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Dr. Craig Reeder - Long-term survival with cybor-d induction therapy in newly diagnosed MM

Craig Reeder, MD
Blood and Marrow Transplant Program, Mayo Clinic Arizona
Phoenix, AZ, USA


Program: Oral and Poster Abstracts
Session: 653. Myeloma: Therapy, excluding Transplantation: Poster II

Sunday, December 8, 2013, 6:30 PM-8:30 PM, Hall G (Ernest N. Morial Convention Center)

Craig B. Reeder, MD1, Donna E. Reece, MD2, Vishal Kukreti, MD, FRCPC2, Joseph Mikhael, MD3, Christine I. Chen, MD2, Suzanne Trudel, MD2, Kristina Laumann4*, Joseph Hentz5*, Giovani Piza2*, Rafael Fonseca, MD6, P. Leif Bergsagel, MD7, Jose F Leis, MD, PhD8, Rodger E. Tiedemann, MBChB, PhD, FRACP, FRCPA9, Jacy Spong, BS, RN, BSN7*, Angela Mayo, PA/NP3* and Keith Stewart, MD3

1Blood and Marrow Transplant Program, Mayo Clinic Arizona, Phoenix, AZ
2Princess Margaret Hospital, Toronto, ON, Canada
3Mayo Clinic Arizona, Scottsdale, AZ
4Cancer Center, Mayo Clinic, Rochester, MN
5Cancer Center, Mayo Clinic, Scottsdale, AZ
6Mayo Clinic Scottsdale, Scottsdale, AZ
7Mayo Clinic, Scottsdale, AZ
8Mayo Clinic Arizona, Phoenix, AZ
9Medical Oncology and Hematology, Princess Margaret Cancer Centre, Toronto, ON, Canada



We piloted an induction regimen of cyclophosphamide, bortezomib and dexamethasone (CyBorD)(CBD) in 2006 and showed rapid and deep responses after 4 cycles in patients with newly diagnosed multiple myeloma (MM).1 We subsequently reported equal responses and less toxicity with weekly bortezomib dosing.2 Triplet therapy has since become common in both standard and high risk patients and no other triplet combination has shown results superior to CyBorD.3 We report long-term f/u data for all 63 patients treated on both cohorts at MCA and PMH.


Sixty-three patients with newly diagnosed and symptomatic myeloma were enrolled between 2006 and 2008 on a phase II trial of weekly oral cyclophosphamide 300mg/m2, IV bortezomib 1.3 mg/m2 d1, 4, 8, 11 (Cohort1) or 1.5mg/m2 d1, 8, 15, 22 (Cohort2) and dexamethasone in high dose (Cohort 1) or high dose for 2 cycles, then low dose for 2 cycles (Cohort2). Cycles were 28 days and patients received prophylactic acyclovir and a quinolone antibiotic. Response after 4 cycles was the primary goal and secondary goals were PFS, OS and toxicity of this regimen. Patients were stratified to high risk or standard risk by mSMART criteria.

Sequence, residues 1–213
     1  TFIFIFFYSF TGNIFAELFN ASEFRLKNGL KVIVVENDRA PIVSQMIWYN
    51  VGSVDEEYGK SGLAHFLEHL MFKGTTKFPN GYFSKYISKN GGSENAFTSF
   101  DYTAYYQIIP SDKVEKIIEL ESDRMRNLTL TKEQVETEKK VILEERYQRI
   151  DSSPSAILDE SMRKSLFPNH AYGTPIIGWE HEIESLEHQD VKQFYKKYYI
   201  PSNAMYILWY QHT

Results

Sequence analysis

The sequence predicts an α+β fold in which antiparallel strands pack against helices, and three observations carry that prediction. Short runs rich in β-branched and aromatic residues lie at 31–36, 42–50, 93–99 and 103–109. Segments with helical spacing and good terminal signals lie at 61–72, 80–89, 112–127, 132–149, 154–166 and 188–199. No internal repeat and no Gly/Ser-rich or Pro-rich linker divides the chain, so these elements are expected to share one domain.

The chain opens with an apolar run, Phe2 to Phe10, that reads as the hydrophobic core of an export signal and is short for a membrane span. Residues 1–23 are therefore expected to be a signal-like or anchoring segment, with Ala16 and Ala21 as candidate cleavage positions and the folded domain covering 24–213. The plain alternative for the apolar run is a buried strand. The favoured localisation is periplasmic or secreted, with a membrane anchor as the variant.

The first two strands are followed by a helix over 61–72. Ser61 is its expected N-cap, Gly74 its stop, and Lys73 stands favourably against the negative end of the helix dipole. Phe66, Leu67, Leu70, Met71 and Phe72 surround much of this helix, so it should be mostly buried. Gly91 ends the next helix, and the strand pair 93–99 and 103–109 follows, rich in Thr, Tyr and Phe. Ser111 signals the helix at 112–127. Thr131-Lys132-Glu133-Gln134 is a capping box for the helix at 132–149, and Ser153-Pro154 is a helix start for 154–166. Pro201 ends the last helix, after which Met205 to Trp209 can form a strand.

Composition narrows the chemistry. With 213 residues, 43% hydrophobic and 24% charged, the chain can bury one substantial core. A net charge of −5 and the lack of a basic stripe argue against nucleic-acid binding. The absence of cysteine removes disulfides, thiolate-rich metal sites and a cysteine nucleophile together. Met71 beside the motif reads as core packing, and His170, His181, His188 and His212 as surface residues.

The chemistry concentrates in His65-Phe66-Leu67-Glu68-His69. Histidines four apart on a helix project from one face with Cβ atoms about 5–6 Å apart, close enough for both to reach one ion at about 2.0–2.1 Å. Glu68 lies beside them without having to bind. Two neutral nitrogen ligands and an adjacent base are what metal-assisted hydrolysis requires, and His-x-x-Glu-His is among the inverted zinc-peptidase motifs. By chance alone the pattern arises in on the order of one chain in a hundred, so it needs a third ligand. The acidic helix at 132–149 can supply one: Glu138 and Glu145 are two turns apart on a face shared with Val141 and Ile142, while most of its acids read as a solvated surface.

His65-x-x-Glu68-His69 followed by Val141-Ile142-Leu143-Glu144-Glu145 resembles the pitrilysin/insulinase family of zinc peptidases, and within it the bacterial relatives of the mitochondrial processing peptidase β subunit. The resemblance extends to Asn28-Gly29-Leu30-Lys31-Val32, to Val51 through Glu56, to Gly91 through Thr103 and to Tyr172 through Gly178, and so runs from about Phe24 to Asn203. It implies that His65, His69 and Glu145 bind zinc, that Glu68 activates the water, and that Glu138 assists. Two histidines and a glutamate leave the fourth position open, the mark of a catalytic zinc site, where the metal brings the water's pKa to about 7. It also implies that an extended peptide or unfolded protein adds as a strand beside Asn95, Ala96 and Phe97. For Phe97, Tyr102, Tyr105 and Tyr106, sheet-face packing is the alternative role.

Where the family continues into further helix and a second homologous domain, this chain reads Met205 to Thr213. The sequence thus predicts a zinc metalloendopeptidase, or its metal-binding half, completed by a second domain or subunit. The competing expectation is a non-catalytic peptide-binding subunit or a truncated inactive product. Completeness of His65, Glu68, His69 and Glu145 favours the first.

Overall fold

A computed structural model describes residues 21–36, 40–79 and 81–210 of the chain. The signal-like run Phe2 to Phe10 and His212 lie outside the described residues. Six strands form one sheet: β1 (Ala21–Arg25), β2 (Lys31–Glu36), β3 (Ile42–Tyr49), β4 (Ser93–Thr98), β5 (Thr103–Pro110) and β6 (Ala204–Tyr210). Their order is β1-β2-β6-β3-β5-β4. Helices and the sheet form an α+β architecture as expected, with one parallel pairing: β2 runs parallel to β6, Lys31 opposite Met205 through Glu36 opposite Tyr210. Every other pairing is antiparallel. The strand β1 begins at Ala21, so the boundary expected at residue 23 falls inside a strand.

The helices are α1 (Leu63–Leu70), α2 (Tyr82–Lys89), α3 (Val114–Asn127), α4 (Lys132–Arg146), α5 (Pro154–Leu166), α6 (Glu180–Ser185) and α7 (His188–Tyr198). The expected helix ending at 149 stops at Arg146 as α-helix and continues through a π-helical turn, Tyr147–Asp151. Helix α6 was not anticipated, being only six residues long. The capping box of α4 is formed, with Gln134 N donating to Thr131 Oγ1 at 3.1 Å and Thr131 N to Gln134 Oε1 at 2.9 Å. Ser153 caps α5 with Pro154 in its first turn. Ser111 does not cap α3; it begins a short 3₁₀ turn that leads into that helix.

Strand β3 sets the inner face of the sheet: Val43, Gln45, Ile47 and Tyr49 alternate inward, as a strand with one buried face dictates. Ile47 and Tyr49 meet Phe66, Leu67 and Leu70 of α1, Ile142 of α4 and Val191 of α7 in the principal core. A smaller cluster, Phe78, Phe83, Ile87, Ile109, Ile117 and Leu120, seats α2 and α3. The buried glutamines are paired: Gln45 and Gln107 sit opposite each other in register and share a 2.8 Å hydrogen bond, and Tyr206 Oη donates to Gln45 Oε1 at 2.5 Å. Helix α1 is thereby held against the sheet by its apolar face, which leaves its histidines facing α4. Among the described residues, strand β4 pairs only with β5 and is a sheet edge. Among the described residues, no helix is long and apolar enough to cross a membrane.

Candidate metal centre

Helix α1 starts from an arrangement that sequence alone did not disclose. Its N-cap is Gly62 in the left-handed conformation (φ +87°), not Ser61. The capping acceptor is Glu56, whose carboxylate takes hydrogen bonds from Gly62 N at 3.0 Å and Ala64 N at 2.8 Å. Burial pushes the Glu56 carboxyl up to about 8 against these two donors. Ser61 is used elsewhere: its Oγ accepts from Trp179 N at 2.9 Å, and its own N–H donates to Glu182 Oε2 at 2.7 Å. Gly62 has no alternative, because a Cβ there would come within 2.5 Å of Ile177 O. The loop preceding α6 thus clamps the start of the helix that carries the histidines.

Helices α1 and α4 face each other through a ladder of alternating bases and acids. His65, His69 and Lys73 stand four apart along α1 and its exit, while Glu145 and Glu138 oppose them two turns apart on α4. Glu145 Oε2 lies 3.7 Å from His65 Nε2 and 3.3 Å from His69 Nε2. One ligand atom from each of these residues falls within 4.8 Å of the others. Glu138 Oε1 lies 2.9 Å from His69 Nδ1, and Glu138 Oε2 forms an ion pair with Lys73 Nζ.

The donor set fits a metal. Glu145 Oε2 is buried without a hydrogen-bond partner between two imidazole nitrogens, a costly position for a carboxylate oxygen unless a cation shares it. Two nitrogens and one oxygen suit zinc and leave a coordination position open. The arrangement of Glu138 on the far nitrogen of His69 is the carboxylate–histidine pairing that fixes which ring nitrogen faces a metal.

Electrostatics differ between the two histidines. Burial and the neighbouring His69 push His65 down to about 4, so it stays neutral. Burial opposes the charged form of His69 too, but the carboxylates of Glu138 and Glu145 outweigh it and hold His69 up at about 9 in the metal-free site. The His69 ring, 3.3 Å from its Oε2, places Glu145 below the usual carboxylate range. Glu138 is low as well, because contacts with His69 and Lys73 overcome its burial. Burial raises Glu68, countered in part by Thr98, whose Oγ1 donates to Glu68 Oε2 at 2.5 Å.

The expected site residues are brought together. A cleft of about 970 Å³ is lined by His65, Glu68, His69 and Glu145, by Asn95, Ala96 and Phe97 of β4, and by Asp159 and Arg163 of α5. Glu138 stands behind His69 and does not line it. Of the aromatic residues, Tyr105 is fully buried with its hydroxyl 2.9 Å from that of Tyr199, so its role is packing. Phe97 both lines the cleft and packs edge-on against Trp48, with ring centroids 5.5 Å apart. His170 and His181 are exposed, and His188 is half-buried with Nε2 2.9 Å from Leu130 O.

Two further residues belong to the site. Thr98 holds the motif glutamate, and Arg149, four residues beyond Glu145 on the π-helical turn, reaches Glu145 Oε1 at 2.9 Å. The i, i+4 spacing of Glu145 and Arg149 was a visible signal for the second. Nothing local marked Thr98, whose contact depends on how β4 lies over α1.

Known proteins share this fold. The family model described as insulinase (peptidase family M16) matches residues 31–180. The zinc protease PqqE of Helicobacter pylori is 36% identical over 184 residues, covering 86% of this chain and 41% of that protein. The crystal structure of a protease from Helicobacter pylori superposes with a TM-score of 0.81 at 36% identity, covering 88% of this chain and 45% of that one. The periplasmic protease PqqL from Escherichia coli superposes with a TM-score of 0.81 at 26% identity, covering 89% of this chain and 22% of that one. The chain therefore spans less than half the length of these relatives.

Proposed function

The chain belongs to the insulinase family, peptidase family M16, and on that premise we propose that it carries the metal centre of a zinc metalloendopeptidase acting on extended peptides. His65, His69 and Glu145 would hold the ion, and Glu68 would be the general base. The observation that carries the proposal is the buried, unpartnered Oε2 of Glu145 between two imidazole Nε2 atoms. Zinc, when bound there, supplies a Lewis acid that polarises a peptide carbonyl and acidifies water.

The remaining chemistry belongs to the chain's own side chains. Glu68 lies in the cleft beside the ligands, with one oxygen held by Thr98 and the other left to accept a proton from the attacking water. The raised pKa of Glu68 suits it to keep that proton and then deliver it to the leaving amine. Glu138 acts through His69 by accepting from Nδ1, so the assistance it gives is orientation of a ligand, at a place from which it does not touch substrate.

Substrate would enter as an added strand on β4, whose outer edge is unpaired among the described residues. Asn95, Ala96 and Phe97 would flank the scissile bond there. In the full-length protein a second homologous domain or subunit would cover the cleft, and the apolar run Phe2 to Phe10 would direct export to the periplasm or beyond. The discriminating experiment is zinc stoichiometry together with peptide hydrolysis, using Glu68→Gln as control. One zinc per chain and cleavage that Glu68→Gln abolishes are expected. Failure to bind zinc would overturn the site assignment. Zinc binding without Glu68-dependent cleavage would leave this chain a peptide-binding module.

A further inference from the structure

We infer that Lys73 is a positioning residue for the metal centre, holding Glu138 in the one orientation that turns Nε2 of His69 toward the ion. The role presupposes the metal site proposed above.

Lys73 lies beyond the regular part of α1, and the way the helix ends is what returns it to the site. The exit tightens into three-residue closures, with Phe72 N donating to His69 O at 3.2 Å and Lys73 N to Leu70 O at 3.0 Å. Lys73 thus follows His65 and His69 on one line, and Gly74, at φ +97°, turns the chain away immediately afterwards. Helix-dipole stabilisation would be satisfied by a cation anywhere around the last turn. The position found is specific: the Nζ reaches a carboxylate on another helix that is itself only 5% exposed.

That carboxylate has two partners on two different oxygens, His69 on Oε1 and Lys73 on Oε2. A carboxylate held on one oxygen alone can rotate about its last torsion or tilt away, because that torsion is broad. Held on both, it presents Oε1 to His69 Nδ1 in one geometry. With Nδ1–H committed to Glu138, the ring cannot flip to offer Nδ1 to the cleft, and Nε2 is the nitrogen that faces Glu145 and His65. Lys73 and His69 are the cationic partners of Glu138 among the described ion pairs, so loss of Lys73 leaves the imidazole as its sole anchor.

The overall response for all patients (n=63) was 89% with 62% VGPR or better. The 5 year PFS and OS rates were 42% (95%CI: 31-57) and 70% (95%CI: 59-82) for the entire group (Figure 1). Twenty-four of the 63 patients were high risk (38%). Patients considered high risk had a lower 5 year PFS (33% (95%CI: 19-59) vs 48% (95%CI: 33-69)) and OS rate (54% (95%CI: 37-78) vs 81% (95%CI: 69-95) compared to standard risk. Most patients underwent auto stem cell transplant after completing the induction trial and most did not utilize maintenance therapy post SCT.


Early and deep responses are needed for long-term disease control in MM. CyBorD maximizes responses and allows for stem cell collection and transplantation which can further consolidate response and improve outcome. This combination is more cost effective than other triplet options while yielding equivalent responses and preserving the opportunity for future IMiD therapy. CyBorD employed in a once weekly schedule is not associated with thrombosis or severe neuropathy. The result is excellent survival for patients with standard risk multiple myeloma. Eighty-one percent of standard risk patients are alive at 5 years. High risk MM patients respond well but survival data confirm the need for ongoing consolidation and or maintenance therapy. CyBorD induction should be considered a standard regimen for transplant-eligible patients with newly diagnosed MM.


1 Leukemia 2009; 23(7):1337-1341

2 Blood 2010; 115(16):3416-3417

3 Blood 2012; 119(19):4375-4382

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